>> i think when the decision, the chemical weapons had been used by the assad regime, was completed by the intelligence analysts and ready to go, it forced a decision that really already was made in embryo within the administration. i would add to what senator graham said. yes, our policy is to force assad to leave, but our policy at a deeper level is to build up the moderate opposition to assad . if assad left tomorrow in a sense, that would be bad for us, because the strongest forces in syria would be the jihadists, and you'd have complete chaos. so, in a sense, you want to wait a little bit for these forces to get stronger, for the u.s. arms to flow through. i was told by my syrian sources that just in the last few days, at this announcement, 60 syrian officers defected because they thought maybe there's a chance -- 6 generals, 22 colonels. so, there's one concrete sign on what difference it makes when the u.s. says we're with you.

>> on the other side, our colleague, jeff goldberg, making the point that we're going to send small arms into syria . where are they going to go? we don't know who has guns in the united states . are we really going to be able to track guns inside of syria ?

>> exactly. now, one of the questions that i think also precipitated this is iran . i think the administration had the intelligence about chemical weapons and were slow-walking it, they were hoping they could get to a political negotiation in geneva. that they've now given up on. in fact, they want to delay it. they realize assad 's gained so much strength with hezbollah all in that if they were to go to negotiations now, there would be no way to remove him. i think what really precipitated this, moving on that red line , which they knew about and which britain and france had plenty of evidence of, was iran . they realize they are now at war with iran and with hezbollah and russian support, there was no way assad was going to lose. and in fact, it wouldn't just be stalemate, assad would win. the biggest problem they have now going into the g-8 is that russia has categorically denied it and the u.n. secretary-general agrees with russia . so, they are challenging the american intelligence, and frankly, after the last decade, u.s. intelligence on weapons of mass destruction doesn't have a whole lot of credibility around the world.

>> senator, back to you. the question and the stakes, or rather, the consequences of staying on the sidelines. i mean, one of the things that is troubling, i think, to a lot of americans, to hear you, to hear senator mccain . senator mccain on the floor this week saying, look, we should have a no-fly zone, we should neutralize the advantages assad has, and says we could do that without risking a single american airplane. isn't that irresponsible given the iraq experience to say that we can take that first step on a slippery slope and it won't that be dangerous?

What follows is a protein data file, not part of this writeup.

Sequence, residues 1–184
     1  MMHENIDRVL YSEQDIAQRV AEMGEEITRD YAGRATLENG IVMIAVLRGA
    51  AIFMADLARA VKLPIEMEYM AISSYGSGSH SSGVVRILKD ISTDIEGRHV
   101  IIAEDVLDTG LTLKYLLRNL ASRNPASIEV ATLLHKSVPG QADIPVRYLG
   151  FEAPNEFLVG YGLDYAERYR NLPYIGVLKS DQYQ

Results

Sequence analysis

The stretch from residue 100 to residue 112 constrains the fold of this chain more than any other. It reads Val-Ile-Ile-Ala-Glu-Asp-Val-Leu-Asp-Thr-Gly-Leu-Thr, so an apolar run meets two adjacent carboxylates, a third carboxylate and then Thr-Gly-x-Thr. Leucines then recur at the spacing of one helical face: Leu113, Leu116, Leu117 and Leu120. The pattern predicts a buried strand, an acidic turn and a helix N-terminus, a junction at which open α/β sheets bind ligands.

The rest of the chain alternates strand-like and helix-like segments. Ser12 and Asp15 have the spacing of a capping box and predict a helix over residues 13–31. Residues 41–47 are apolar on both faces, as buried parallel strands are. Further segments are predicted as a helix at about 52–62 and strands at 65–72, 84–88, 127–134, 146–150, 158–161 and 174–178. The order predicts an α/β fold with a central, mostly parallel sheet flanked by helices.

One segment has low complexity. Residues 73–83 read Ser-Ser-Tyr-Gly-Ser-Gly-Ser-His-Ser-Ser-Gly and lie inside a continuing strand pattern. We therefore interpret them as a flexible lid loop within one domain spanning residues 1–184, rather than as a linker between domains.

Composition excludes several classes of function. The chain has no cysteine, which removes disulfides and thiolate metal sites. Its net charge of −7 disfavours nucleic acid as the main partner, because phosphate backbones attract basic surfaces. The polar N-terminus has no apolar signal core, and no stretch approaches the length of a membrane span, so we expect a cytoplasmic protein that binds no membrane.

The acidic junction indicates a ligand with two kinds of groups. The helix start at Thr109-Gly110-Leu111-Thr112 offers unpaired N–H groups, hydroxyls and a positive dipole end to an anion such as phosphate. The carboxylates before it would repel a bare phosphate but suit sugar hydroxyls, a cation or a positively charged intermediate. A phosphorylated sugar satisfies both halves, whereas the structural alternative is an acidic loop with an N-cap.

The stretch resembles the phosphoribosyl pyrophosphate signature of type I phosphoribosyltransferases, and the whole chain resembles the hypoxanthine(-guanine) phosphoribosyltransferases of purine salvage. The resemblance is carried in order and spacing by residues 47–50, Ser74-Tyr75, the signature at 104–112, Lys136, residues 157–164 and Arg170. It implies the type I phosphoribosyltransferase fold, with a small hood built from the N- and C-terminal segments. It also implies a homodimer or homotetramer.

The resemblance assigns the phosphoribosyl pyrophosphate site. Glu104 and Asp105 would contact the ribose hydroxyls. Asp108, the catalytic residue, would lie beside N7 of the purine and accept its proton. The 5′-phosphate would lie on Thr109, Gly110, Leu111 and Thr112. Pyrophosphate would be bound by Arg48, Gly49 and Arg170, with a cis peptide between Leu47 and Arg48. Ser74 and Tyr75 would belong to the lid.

>> i don't think so, david . no boots on the ground is sort of everyone's position, including mine, because the rebels don't want us in there. i think you can neutralize the airpower clearing the runways from cruise missiles and set up a no-fly zone by having aircraft operating out of turkey and jordan to neutralize the airpower. what i would suggest is that if the war continues, how likely is it that iran will take us seriously when it comes to their nuclear program if we continue to act indecisively regarding assad 's syria ? look what's happened to israel over the last year. their world is melting down. the russians are not hesitating in helping assad . hezbollah helped take back a town the rebels had just a few weeks ago. so, the balance of power is really now on assad 's side. as andrea said, he is winning, and it is not in our interests for him to win. and if we don't do more than add ak-47s into the mix, he will continue to win, and the king of jordan is going to become toast.

>> they have questions for you as well. i just want to put the staggering cost of this war -- i mentioned it in the open. let me put up a full-screen graphic of this. we are talking about more than 90,000 syrians killed over the last couple of years. this is online with bosnia now, as you look at that, and the number of kids under 10 years old being killed. it's very hard for americans to pay attention to something, sectarian conflict, so complicated and so insoluble in some ways, but those are the real costs.

>> and those are the costs, and a question for you, senator graham. i don't know how we resolve this, but if the jordans, for instance, with f-16s, were to crater the runways through a no-fly zone, how do we know where the chemical stockpiles are? how do we know they're not prepositioned on those very runways?

>> well, see, that's the ultimate question . you asked me about my biggest fear, would be lose the king of jordan would prolong more, that the elements of the rebels could end up seizing the chemical weapons cache, that assad would share chemical weapons or advanced russian weapons with hezbollah , which would be a direct threat. all i can say is that a political negotiation can only happen when the calculations on the ground change militarily, and the only way you do that is to stop the airpower advantage assad has. so, there are no good answers. i'm not here -- i say there's bipartisan support for more involvement in the senate than there was six months ago. i think everybody in america who watches this understands we can't just sit around and do nothing and give the rebels ak-47s. so, i think you can take the airpower advantage off the table by using cruise missiles . they don't have to be jordanian in nature.